How OSHA ‘power grab’ poses a new regulatory threat to Arizona employers
The Occupational Safety and Health Administration (OSHA) has threatened to revoke the authority of the Industrial Commission of Arizona to regulate Arizona worker safety.
OSHA’s threat, stated in a letter to Commission director James Ashley, stems from “Arizona’s continued failure” to adopt the Biden Administration’s COVID-19 Healthcare Emergency Temporary Standard (Healthcare ETS) in place of Arizona’s allegedly “less effective” State Plan.
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OSHA issued the Healthcare ETS in June 2021. It includes measures for the healthcare industry such as:
• Having a written plan to mitigate the spread of COVID-19;
• Providing personal protective equipment to workers;
• Ensuring social distancing where possible; and
• Providing paid time off for workers to become vaccinated or recover from side effects.
Because Arizona had laws and regulations in place that would potentially address the contents of the ETS, in July 2021 the Industrial Commission requested certain deviations that would exempt the state.
Specifically, Arizona law already permitted employees to use earned paid sick time to be vaccinated and tested for COVID-19 and to deal with business or school closure or quarantine. Those provisions are in addition to allowing employees to use paid sick time for actual illness. Additionally, Arizona law prohibits retaliation against employees and provides whistleblower protection.
Arizona Gov. Doug Ducey called the OSHA threat “nothing short of a political stunt and desperate power grab.”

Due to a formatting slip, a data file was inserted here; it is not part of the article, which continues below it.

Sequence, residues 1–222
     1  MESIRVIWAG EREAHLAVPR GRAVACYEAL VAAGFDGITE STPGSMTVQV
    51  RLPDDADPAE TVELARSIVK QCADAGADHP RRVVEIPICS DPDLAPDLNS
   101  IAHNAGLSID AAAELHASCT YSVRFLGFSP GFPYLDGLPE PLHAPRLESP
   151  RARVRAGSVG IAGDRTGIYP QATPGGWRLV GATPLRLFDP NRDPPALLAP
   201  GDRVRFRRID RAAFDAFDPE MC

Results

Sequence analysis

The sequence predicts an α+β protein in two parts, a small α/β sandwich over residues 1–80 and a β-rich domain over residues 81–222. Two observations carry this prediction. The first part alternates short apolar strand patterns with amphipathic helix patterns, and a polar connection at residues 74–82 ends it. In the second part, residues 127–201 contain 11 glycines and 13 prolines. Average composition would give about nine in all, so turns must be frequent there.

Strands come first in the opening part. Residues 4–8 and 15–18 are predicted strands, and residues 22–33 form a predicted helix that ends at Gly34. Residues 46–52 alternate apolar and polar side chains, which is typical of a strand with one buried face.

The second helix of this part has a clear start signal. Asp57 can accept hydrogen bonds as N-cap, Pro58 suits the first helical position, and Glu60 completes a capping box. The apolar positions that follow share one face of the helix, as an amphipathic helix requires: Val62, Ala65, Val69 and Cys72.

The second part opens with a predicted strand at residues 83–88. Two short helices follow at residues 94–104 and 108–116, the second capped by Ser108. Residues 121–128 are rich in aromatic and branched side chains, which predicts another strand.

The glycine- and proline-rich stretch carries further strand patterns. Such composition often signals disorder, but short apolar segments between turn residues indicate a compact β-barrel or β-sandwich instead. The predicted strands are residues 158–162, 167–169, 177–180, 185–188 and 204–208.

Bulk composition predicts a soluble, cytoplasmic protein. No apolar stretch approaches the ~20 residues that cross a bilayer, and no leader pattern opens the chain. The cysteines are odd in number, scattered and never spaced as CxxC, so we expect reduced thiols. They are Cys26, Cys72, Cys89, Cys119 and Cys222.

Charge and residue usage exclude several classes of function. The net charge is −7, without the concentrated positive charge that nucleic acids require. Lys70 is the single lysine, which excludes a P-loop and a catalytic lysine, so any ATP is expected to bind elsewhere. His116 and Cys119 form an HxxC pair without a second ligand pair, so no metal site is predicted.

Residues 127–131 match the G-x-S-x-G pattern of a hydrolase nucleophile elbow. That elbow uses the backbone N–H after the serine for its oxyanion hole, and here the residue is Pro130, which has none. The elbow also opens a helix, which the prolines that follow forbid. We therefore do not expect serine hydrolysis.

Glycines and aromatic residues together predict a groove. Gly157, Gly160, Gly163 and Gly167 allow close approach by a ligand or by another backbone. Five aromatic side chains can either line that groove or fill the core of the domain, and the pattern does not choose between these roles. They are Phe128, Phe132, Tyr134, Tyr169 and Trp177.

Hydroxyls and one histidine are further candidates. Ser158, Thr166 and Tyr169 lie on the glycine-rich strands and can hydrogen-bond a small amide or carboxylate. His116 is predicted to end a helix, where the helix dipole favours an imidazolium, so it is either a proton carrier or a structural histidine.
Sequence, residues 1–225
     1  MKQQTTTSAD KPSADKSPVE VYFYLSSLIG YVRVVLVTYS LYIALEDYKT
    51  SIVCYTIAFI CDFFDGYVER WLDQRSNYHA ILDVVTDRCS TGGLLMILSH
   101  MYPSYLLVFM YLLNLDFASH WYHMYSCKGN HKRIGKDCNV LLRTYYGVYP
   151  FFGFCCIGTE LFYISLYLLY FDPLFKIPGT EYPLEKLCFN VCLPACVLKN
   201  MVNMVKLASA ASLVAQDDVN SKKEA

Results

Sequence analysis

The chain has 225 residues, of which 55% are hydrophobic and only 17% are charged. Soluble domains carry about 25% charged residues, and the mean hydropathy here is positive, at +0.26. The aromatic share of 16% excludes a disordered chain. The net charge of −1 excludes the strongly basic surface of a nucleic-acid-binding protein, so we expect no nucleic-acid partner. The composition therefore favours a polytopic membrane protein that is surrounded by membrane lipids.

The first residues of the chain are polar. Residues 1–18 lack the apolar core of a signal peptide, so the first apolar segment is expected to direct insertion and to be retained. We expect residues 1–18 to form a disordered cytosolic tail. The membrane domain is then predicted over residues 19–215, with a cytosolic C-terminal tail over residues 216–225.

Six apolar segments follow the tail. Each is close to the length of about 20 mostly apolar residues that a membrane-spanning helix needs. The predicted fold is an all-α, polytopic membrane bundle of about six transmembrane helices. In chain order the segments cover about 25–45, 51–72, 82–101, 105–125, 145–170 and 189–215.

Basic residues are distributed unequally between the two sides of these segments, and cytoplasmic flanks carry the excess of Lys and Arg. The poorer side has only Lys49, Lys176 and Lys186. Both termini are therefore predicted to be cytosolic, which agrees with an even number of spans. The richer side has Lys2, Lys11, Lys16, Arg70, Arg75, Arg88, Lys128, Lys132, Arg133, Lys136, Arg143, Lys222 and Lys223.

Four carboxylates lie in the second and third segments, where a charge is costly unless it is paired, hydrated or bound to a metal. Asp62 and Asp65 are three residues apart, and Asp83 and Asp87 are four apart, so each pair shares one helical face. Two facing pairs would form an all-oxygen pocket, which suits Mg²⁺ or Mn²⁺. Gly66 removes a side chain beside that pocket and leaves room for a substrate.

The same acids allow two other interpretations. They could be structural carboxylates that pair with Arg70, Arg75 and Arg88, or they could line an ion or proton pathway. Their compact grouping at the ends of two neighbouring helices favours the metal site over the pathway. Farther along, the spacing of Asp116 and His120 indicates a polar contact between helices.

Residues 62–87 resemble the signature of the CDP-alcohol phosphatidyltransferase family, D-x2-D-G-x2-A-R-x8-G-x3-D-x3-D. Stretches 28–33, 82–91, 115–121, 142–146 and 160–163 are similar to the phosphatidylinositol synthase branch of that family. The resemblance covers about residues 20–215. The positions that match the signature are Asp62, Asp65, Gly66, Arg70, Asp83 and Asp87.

“The ICA is actively engaged in a public input process, encouraging Arizonans from every corner of the state to participate,” Ducey stated, “and now the Biden administration is attempting to silence input from citizens and stakeholders alike. We won’t allow it without a fight.” (See “Governor Ducey Statement on OSHA Overreach.”)
State Safety Plans. In part to localize workplace safety enforcement, OSHA allows states to implement a State Plan under which a state oversees worker safety within its boundaries. Under federal regulations, a State Plan must be “at least as effective” as federal programs.
OSHA approved Arizona’s State Plan in 1985, and the state’s regulation of worker safety has continued without interruption for more than 36 years.
Federal Intervention. If OSHA makes good on its threat, regulation will revert to Washington, D.C., and Arizona employers would be forced to deal with a distant federal bureaucracy and comply with more arbitrary, one-size-fits-all safety regulations and enforcement.
Andrew Wenker (480-534-4879 or firstname.lastname@example.org) is a construction and OSHA regulation attorney at Lang & Klain, P.C., in Scottsdale.